damn few environmentalists connected the dots to see where
the curve was really heading, and virtually everyone
has operated from the horrifyingly mistaken premise that
human nature is based on rational thought.
I've been accused of falling into the doomer trap of
believing the failed predictions of men like Paul Ehrlich.
Let's talk about failed predictions. I distinctly remember
being promised flying cars and electricity too cheap to
meter. Instead we got Macondo
When Ehrlich wrote his famous, and famously reviled, book
Population Bomb just before Limits
to Growth was published, the world population was
about 3.5 billion. Today it's double that and growing by
75 million a year. We have managed to materialize one of
Norman Borlaug's worst nightmares:
"Most people still fail to comprehend the
magnitude and menace of the 'Population Monster' ...
If it continues to increase at the estimated present
rate of two percent a year, the world population will
reach 6.5 billion by the year 2000. Currently, with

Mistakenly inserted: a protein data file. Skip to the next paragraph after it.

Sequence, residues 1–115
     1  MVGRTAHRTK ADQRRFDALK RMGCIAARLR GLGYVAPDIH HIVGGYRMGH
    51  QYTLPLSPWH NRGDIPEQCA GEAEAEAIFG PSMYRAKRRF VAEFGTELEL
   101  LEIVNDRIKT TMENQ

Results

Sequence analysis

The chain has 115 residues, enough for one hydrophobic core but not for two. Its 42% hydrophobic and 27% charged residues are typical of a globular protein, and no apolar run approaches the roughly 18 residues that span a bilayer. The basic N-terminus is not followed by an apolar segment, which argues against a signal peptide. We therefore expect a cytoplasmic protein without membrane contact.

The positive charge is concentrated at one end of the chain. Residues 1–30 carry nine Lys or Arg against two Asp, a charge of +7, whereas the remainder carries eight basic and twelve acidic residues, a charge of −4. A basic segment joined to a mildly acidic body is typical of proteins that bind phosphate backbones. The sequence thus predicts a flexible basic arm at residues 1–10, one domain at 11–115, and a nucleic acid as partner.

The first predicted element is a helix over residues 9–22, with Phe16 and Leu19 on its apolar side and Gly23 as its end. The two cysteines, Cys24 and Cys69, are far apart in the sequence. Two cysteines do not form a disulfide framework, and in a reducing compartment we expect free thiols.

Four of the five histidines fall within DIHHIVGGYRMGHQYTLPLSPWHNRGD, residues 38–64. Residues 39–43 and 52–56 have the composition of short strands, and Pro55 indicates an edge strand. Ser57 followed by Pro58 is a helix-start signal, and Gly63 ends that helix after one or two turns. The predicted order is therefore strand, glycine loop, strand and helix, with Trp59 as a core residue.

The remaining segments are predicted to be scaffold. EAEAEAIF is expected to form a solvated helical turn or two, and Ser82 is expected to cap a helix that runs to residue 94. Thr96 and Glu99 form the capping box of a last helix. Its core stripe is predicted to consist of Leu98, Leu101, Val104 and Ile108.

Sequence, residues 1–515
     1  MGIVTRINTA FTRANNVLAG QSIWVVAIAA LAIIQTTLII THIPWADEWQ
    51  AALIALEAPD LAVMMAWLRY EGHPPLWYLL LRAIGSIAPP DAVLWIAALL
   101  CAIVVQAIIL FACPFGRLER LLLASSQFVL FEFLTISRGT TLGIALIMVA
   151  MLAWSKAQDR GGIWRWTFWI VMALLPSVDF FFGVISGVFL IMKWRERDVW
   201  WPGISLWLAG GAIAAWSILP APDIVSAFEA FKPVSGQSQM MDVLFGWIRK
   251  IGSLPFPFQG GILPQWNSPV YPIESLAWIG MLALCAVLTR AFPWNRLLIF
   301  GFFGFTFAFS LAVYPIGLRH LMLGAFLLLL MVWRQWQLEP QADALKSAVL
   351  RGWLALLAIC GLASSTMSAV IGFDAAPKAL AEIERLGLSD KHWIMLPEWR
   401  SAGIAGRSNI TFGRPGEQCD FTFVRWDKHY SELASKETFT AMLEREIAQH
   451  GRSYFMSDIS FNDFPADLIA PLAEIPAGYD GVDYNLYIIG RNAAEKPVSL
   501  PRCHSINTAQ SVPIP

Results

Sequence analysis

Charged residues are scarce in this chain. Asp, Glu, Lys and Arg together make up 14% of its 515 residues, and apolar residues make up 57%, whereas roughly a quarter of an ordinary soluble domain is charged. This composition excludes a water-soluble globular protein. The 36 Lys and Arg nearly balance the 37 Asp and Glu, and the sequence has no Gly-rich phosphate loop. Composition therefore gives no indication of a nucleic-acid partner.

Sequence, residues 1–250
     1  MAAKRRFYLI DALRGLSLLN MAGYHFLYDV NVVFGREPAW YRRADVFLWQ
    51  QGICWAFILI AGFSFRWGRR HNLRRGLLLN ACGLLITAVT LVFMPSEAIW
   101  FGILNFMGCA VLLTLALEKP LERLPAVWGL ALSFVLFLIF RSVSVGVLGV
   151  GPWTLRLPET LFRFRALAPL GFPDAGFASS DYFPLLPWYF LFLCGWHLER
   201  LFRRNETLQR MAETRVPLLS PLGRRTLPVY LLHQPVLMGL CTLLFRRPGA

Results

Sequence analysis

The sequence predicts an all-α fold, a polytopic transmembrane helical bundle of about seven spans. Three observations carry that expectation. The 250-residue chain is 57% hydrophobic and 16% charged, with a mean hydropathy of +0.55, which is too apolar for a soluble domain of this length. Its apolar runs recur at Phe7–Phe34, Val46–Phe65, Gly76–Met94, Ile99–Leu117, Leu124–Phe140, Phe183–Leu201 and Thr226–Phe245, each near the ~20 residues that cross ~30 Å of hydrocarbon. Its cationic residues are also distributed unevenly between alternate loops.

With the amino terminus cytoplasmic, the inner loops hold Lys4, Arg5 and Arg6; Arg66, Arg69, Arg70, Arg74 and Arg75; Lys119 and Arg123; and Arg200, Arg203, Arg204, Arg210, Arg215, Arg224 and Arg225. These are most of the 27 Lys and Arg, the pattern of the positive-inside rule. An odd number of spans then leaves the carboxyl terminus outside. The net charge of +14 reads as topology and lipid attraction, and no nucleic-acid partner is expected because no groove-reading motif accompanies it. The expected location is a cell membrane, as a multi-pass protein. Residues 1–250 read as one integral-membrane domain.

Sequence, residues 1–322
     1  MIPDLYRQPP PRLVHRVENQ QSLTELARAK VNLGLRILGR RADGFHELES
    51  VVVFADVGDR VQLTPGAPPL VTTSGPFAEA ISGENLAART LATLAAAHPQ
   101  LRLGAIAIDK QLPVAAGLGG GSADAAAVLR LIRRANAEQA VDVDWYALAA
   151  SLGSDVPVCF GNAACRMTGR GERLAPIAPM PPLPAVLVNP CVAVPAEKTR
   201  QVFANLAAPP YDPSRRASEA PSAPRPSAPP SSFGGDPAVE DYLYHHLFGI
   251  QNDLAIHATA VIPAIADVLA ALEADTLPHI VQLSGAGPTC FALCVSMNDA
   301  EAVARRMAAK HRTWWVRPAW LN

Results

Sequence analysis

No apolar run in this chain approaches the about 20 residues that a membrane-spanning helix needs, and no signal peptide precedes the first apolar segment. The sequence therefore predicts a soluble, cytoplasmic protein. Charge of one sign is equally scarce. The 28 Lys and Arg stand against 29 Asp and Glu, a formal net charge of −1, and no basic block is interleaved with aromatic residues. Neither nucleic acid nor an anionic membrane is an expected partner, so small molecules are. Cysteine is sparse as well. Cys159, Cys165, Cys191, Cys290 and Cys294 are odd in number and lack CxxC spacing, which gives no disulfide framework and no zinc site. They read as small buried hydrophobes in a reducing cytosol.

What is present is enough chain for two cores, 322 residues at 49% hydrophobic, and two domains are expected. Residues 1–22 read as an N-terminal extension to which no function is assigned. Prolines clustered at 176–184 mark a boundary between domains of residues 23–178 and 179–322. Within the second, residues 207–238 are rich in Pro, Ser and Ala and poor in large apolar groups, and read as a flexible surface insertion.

each second, or tick of the clock, about 2.2
additional people are added to the world population.
The rhythm of increase will accelerate to 2.7, 3.3,
and 4.0 for each tick of the clock by 1980, 1990, and
2000, respectively, unless man becomes more realistic
and preoccupied about this impending doom. The
tick-tock of the clock will continually grow louder
and more menacing each decade. Where will it all end?"
And how did Dr. Borlaug's 30-year prediction hold up?
Well, by 2000 we were at 6.1 billion people (about 6%
short of his estimate) and we were increasing by 2.5
people a second. I don't think we can count that as any
kind of a victory over the evil Dr. Ehrlich.
~ from Norman Borlaug's Nobel Prize lecture, 1970
I usually do my best to stay "doomy but not gloomy".
I can generally maintain a semblance of emotional
equilibrium by taking refuge in the non-attachment of
Buddhist and Advaita teachings. Despite my clear
recognition of the predicament, that approach can can
cause equal consternation among the denialistas of the
engaged environmental movement. At other times the news
all gets to be too much, and I get f'ing pissed off. This
seems to be one of those times.
ABOUT THE AUTHOR
Paul Chefurka is a Computer Scientist with a lifelong interest in environmental issues. He has spent over twenty years working in Research and Development in the Ottawa telecommunications industry, and is currently Project Manager at Canadian Coast Guard and the Canadian Department of Fisheries and Oceans. His personal web site, Approaching the Limits to Growth provides open access to his writings and is a valuable resource for study and reflection on many dimensions of the impending ecological crisis.